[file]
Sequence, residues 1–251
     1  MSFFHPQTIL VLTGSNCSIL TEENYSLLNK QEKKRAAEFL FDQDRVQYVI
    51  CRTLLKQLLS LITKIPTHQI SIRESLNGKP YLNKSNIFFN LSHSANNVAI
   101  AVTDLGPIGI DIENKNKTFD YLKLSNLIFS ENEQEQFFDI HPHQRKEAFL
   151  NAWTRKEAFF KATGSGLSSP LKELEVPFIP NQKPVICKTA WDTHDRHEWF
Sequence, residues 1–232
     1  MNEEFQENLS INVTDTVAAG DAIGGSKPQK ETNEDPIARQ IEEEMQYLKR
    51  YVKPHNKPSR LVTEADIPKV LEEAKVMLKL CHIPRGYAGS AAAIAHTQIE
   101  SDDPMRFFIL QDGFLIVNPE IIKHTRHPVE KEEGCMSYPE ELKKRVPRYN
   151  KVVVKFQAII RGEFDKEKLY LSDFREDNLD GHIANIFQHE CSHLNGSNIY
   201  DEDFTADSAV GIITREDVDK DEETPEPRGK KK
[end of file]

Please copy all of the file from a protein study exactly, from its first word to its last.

Sequence, residues 1–251
     1  MSFFHPQTIL VLTGSNCSIL TEENYSLLNK QEKKRAAEFL FDQDRVQYVI
    51  CRTLLKQLLS LITKIPTHQI SIRESLNGKP YLNKSNIFFN LSHSANNVAI
   101  AVTDLGPIGI DIENKNKTFD YLKLSNLIFS ENEQEQFFDI HPHQRKEAFL
   151  NAWTRKEAFF KATGSGLSSP LKELEVPFIP NQKPVICKTA WDTHDRHEWF
Sequence, residues 1–232
     1  MNEEFQENLS INVTDTVAAG DAIGGSKPQK ETNEDPIARQ IEEEMQYLKR
    51  YVKPHNKPSR LVTEADIPKV LEEAKVMLKL CHIPRGYAGS AAAIAHTQIE
   101  SDDPMRFFIL QDGFLIVNPE IIKHTRHPVE KEEGCMSYPE ELKKRVPRYN
   151  KVVVKFQAII RGEFDKEKLY LSDFREDNLD GHIANIFQHE CSHLNGSNIY
   201  DEDFTADSAV GIITREDVDK DEETPEPRGK KK